It's a wonderful opportunity to revisit Alex Haley's book - ROOTS in the reimagined series by History Channel that was aired first on Memorial Day in the US.
Growing up, I remember the weekly anticipation my family experienced in watching Kunta Kinte in action. We never called the show by its actual name - Roots (1977), we named it Kunta Kinte.
It was a highly memorable period for many families who owned a TV set back then. Emotionally intensed and heart breaking at every point in every episode - learning how slaves were traded and treated like animals instead of humans. How a family struggled from one generation to another. How no African slave had the right to their own life, and how within 24 hours, one's fate could change tremendously for the worse.
Now after 30 years, watching Roots (2016) on TV with my little children, the emotions are even more intensed for me. With age of course you begin to understand the intensity of history. Of how things happened to shape the world we live in today.
In Roots (2016), phrases such as
- your name is your shield
- family matters most
- honour your ancestors
- live in dignity and honour
- behold the only thing that's greater than you (the universe!);
all these speak loudly to its viewers through this series.
Evaluate our present lives and we'll see how little people care for such substance and how unwilling people are to fight for our loved ones, our name, our roots.
Night 3's episode where Kizzy says goodbye to Marcellus, choosing her son and daughter-in-law over love shows how much a women sacrifices for the safety of her children and would do so even if it kills her. That was an honorable and heart-breaking scene to watch especially for a woman who was raised so gracefully by Kunta and Belle and had her life turned upside down because she was caught being able to read and write.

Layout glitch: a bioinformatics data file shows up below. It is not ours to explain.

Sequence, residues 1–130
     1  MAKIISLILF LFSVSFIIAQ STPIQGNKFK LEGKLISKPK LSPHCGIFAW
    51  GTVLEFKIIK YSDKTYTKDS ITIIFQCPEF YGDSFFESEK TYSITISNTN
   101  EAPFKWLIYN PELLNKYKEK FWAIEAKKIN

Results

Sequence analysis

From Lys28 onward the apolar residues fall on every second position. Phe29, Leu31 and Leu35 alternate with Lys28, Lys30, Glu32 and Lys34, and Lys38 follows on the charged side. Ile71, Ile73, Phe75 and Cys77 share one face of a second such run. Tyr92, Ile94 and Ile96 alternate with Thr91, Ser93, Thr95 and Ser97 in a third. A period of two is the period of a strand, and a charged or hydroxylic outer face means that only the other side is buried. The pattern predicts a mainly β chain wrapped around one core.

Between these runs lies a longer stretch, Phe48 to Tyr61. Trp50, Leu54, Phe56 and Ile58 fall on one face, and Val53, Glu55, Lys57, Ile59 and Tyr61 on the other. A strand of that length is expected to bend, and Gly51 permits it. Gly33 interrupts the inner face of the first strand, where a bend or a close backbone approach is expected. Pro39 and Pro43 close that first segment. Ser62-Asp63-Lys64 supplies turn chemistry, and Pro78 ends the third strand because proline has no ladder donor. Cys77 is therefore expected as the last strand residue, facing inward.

My 9 year old son, upon seeing Kizzy dragged away, sold off to a new master because they found a letter of freedom she had forged for her boyfriend Noah, asked me what's wrong in knowing how to read and write? Knowledge is power and if you have it you are a threat back then. Even now not much of that idea changed. How governments control what we can and cannot learn. Segregation of elite and non elite groups. It's pretty much still in existence. Whenever I read about how women were persecuted for being able to read, I always tell my children, you have the opportunity to be educated so don't take it for granted! Remember the many who yearn for it and get persecuted instead. Educate yourself and use it to make the world a better place for your children!
Hence it sickens me when I hear people question why their children need to study certain subjects in school. There are even teachers who make statements like this on subjects such as ICT & RBT, calling it a waste of time. Really? When people in some parts of the world get shot for wanting to learn, here we have a different, more privileged way of taking education for granted.
I'm not an African American, but this history touches me very deeply. History has a lot to teach us when we evaluate the story told wisely. Of course it has to be history with a true account and not one manipulated by politics.
Here's something I cannot help but compliment after reading it on FB. The caption to this post is very true. Those who forget their past are condemned to repeat it. We are suppose to make something better of our lives than the ones our ancestors had. They fought to break the chains bound to their hands and legs; to break free from the masters who owned them and abused them. Remember their trials and let not your generation now and the ones to come be bound to the unseen masters that insidiously destroys one's existence, one's root!